"Slandering the Dharma" - what exactly does it entail?

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KiwiNFLFan
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"Slandering the Dharma" - what exactly does it entail?

Post by KiwiNFLFan » Tue Jan 02, 2018 2:47 am

I've been reading about Pure Land Buddhism and came across the exception to the Eigtheenth Vow (committing the five grave offences and slandering the Dharma).

What exactly does "slandering the Dharma" involve?

I used to be a fundamentalist Christian and considered Buddhism a false religion leading to hell. I don't remember if I ever spoke out about it to anyone (I may have) but I definitely viewed it as false. Does this count as "slandering the Dharma"?

Also, if someone slanders the Dharma but then takes refuge in the Three Gems and becomes a Buddhist, sincerely repents of his/her prior views on Buddhism, and then devotes himself/herself to Amitabha Buddha, would he/she be eligible for rebirth in Amitabha's Pure Land?

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Re: "Slandering the Dharma" - what exactly does it entail?

Post by Admin_PC » Tue Jan 02, 2018 4:24 pm

I'll quote Shinran because he has the most readily-available commentary on this topic.
Question: What are the characteristics of slandering the right dharma?

Answer: Saying there is no Buddha, no Buddha-dharma, no bodhisattva, no bodhisattva-dharma. Deciding on such views, whether through understanding thus in one’s own mind or receiving the ideas from others, is called slandering the right dharma.
This is mutually exclusive with the ideas of taking refuge and having faith in the 18th Vow of Amida. This only pertains to those who still hold such ideas at the time of death. There have been plenty of examples of people converting to Buddhism later in life and finding success with Pure Land. Shinran affirms this idea with a quote from Shantao:
Kyogyoshinsho - Chapter on Shinjin wrote:When those who slander the dharma or abandon the seed of Buddhahood turn about at heart, they all reach the Pure Land.
The fact that this quote comes from Shantao means it would be definitive for most forms of Pure Land.

Other forms of Buddhism may define the "slandering the Dharma" as it is described in the Abhasita Sutta
"Monks, these two slander the Tathagata. Which two? He who explains what was not said or spoken by the Tathagata as said or spoken by the Tathagata. And he who explains what was said or spoken by the Tathagata as not said or spoken by the Tathagata. These are two who slander the Tathagata."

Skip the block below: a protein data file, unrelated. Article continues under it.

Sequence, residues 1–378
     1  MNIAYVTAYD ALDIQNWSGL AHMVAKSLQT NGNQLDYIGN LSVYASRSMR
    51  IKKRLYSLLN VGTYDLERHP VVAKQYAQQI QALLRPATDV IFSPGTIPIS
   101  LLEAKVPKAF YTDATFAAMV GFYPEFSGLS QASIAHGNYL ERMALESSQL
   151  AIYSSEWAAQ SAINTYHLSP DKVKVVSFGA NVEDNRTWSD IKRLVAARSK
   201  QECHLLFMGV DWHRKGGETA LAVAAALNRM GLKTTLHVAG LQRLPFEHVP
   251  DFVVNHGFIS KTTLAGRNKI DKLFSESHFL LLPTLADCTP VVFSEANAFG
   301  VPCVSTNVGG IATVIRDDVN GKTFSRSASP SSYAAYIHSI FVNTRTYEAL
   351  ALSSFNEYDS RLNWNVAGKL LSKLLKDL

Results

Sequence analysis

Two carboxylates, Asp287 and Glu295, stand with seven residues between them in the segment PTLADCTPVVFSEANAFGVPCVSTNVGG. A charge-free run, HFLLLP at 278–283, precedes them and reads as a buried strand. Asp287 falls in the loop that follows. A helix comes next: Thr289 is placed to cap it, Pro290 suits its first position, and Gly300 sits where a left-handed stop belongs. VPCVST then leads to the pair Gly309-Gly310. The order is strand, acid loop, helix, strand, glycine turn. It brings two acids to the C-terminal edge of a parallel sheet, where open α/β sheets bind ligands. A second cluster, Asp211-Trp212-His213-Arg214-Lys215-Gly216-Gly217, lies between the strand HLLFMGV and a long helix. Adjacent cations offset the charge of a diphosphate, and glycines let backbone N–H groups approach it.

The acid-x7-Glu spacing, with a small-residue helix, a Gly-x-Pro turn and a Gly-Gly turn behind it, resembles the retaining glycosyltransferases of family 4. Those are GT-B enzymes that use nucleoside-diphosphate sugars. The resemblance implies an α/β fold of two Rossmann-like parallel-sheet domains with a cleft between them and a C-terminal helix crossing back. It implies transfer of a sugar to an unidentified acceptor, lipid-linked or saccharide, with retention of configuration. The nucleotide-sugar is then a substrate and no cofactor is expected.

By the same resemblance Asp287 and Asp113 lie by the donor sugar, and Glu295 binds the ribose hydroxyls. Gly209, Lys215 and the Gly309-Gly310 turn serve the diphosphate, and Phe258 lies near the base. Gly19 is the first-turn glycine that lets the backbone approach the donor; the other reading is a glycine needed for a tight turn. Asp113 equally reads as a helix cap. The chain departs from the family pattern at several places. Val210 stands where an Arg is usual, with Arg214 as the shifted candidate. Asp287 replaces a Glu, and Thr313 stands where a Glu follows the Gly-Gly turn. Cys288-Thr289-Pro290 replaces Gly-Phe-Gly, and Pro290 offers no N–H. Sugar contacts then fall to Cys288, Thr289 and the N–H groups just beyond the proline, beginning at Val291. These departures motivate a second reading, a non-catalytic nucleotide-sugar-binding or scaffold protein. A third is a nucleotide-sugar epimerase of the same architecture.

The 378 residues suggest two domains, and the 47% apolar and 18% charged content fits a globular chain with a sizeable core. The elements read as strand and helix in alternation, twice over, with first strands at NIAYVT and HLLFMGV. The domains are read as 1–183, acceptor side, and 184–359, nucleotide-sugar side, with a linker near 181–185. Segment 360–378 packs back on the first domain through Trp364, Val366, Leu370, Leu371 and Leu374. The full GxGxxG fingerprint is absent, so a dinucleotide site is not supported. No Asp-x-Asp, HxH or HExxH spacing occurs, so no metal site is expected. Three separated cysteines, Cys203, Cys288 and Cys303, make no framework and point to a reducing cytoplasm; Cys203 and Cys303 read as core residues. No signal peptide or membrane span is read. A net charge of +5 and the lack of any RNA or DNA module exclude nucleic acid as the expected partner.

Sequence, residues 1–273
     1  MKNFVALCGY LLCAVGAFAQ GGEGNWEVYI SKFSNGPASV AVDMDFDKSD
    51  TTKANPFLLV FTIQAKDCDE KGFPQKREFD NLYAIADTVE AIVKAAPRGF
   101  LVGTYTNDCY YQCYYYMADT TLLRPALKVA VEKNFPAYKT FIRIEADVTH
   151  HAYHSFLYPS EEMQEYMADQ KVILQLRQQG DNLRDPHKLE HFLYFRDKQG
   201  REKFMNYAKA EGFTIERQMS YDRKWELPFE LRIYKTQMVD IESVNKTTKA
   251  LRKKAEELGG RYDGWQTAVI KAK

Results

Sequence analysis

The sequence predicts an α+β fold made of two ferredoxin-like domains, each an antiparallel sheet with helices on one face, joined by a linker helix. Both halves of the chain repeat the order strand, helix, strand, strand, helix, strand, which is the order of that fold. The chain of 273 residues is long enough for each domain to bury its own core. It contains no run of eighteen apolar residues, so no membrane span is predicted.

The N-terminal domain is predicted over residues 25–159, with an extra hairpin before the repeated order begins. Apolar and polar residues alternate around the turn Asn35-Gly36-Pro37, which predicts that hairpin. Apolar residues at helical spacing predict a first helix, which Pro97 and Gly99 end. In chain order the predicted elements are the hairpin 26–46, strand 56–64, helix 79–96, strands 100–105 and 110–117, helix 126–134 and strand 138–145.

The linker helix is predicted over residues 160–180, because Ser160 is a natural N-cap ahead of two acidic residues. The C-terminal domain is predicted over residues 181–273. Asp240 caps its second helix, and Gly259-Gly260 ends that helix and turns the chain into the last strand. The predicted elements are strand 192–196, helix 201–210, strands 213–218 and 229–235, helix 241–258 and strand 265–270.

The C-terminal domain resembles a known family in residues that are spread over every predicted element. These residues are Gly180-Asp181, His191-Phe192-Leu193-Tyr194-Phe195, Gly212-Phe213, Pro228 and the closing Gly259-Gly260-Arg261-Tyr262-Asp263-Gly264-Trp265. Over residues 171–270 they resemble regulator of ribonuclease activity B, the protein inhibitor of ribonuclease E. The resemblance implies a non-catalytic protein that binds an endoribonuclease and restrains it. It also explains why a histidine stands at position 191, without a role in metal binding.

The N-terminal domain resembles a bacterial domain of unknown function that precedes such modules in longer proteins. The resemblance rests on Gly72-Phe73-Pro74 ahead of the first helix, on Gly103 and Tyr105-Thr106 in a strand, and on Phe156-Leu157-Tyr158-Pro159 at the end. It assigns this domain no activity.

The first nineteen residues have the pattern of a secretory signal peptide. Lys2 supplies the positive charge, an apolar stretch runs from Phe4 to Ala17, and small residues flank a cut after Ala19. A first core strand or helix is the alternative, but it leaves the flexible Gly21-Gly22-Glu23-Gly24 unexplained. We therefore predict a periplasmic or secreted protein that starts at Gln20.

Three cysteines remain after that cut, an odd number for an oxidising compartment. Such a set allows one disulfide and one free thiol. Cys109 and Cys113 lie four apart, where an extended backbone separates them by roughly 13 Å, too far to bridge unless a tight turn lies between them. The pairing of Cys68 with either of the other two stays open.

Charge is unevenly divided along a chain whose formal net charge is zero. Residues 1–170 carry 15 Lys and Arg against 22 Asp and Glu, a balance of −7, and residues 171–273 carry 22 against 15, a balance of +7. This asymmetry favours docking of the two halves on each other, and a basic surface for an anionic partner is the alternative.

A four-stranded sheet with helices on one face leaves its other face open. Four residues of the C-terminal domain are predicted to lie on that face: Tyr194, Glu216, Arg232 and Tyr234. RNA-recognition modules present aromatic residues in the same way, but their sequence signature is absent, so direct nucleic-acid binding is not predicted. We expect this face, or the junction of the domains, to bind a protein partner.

This latter definition might be up for debate, but it goes a bit deeper than a literal reading. What the Buddha is referring to are those who present teachings that directly conflict with the Dharma as his own words - because elsewhere he states that as long as a teaching conforms to the Dharma, he says one can trust that it comes from him.

What you describe is merely "Wrong Views", which is covered under the 10 unwholesome karmas:
1. taking life
2. taking what is not given
3. sexual misconduct
4. lying
5. sowing discord
6. harsh speech
7. idle gossip (or worthless chatter)
8. covetousness
9. ill will (or wishing harm on others)
10. wrong views
月影の いたらぬ里は なけれども 眺むる人の 心にぞすむ
法然上人

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Re: "Slandering the Dharma" - what exactly does it entail?

Post by Admin_PC » Wed Jan 17, 2018 8:10 pm

Mod note: Removing post for attacking an individual. It's considered poor form to speak ill of the recently deceased.
月影の いたらぬ里は なけれども 眺むる人の 心にぞすむ
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vikas113
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Re: "Slandering the Dharma" - what exactly does it entail?

Post by vikas113 » Wed Jan 24, 2018 7:35 pm

According to me you had wrong view. We have examples in Buddha's life of some people including a brahmin who treated buddha with angry words and insults, Buddha even transformed him and he attained arahatship in that life.

You were a Christian and heard of Amitabha Buddha Sutra and then believed it, it is indeed the result of very good meritious deed in your past lives. You have also sincerely repented for your wrong view and acknowledge your fault. There is no doubt you will be born in Amitabha Pureland.

Don't have doubts about this. You are going to be born in pureland if you stick to your practice as mentioned by the Buddha.

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